These Words Meant Everything (An interview with Eliav Batito)
Eliav Batito, an 18-year-old from the northern Israeli city of Afula, is a recent graduate of the AMIT Yehuda High School in that city. During his senior year, Eliav served as the chairperson of Israel’s National Student Council, representing over 750,000 teenagers. He is currently in the United States for a year abroad sponsored by the Jewish Agency.
- How did you come to attend AMIT Yehuda?
AMIT Yehuda is the only religious school in the city, and it places an emphasis on values. That was important to my parents and me.
- Tell me about AMIT Yehuda — what made it special for you?
My homeroom teacher had a truly unique approach: he was there for us in our lives as well as in school. One thing I remember very fondly is that, every time he sent a text, he would end the message with “I believe in you. –Rabbi Adi.” These words meant everything to us. And unlike most other schools, it places great emphasis on social action and volunteering—they value social activism before grades.
- What is the National Student Council and how did you become its chairperson?
Israel’s National Student and Youth Council is an officially elected body that represents over 750,000 teens in Israel.
- What were your primary functions in that role?
I served as the official delegate of the youth of Israel, including 1,200 school student councils, 250 municipal youth councils, eight regional councils and 32,000 representatives. I represented young people at all Knesset committees except Foreign Affairs and Defense. In addition, I worked with all the different government ministries on any issue related to youth.
- You are now volunteering in the U.S. Tell us about that experience.
The Jewish Agency Year of Service is a year during which youth from Israel volunteer in Jewish communities around the world. The goal is to strengthen the connection between Jews in the Diaspora to Jews in Israel, and to give them a true sense of the State of Israel.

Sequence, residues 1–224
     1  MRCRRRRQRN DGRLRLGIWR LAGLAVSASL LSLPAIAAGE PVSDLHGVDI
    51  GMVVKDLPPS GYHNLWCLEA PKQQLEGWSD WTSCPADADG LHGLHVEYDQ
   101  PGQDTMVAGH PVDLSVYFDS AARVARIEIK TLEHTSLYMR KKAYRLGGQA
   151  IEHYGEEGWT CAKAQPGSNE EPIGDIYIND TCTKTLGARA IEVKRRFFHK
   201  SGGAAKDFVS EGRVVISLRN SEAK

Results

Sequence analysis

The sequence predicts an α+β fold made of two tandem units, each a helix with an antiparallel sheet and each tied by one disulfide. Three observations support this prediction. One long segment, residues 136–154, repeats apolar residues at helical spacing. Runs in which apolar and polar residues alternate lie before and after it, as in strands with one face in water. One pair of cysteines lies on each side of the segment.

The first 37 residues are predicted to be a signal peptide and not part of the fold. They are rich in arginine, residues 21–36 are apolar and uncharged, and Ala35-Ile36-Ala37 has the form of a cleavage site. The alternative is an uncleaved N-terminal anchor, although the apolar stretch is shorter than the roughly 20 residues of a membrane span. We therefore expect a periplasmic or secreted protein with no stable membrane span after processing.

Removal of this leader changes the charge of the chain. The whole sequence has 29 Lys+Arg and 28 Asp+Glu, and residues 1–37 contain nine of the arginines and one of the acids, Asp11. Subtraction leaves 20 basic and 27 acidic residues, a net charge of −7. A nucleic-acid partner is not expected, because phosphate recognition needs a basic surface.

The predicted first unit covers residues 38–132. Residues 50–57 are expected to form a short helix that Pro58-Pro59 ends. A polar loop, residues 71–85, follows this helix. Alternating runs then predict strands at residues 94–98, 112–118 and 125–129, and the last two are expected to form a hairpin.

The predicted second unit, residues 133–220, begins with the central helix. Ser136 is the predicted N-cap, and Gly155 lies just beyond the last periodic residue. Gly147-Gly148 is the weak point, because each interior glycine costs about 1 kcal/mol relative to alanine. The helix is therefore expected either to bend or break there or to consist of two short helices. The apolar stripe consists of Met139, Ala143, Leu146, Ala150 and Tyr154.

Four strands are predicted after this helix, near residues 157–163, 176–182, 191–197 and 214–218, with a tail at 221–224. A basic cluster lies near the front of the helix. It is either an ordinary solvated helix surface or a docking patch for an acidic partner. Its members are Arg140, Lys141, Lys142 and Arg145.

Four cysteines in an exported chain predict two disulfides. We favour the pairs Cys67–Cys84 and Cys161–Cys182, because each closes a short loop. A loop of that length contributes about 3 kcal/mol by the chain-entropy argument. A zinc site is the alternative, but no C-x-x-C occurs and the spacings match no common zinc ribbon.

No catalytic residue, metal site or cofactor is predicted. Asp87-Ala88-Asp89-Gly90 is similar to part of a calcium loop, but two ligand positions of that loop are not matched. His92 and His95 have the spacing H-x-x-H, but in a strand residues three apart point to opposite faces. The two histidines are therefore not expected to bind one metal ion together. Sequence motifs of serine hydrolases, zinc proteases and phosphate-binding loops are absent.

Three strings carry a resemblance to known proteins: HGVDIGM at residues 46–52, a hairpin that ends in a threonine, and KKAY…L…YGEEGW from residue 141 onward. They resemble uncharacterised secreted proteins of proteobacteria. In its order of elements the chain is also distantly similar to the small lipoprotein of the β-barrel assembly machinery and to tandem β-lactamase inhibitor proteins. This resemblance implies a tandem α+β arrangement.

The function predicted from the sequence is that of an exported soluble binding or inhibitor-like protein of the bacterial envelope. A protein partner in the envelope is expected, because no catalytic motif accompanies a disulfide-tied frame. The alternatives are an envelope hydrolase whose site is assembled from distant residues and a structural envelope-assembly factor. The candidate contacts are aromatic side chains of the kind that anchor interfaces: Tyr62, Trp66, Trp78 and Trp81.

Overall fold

Presently, I am working with the Jewish community in West Hartford, Connecticut, at eight different institutions of the Jewish community with people of all ages.
- What made you decide to apply?
I believe that this is the most important mission that I can do. Today, when Israel’s relationship with Diaspora Jewry has been weakened, I see every one of the shlichim (emissaries) as a thread that ties the Diaspora to Israel.
- Any specific project that you’re especially proud of?
A project I’m very proud of is a pen-pal program I organized with an elementary school in the U.S. and a school in Afula. The schools wrote letters to each other in Hebrew and prepared special gifts for the holiday [of Tu B’Shvat].
- What do you hope to gain/learn from your year volunteering in the U.S?
I hope to deepen my knowledge of the Diaspora and to learn other ways to maintain Judaism.
- What are your plans when you return to Israel?
After my year of service here, I will enlist in the army.
- Is there anything you would like to say to the AMIT supporters here in the U.S.?
Yes, I want to say that you are doing a wonderful job, and that your relationship to Israel is extremely important and very meaningful. Todah rabah! Many thanks to you all!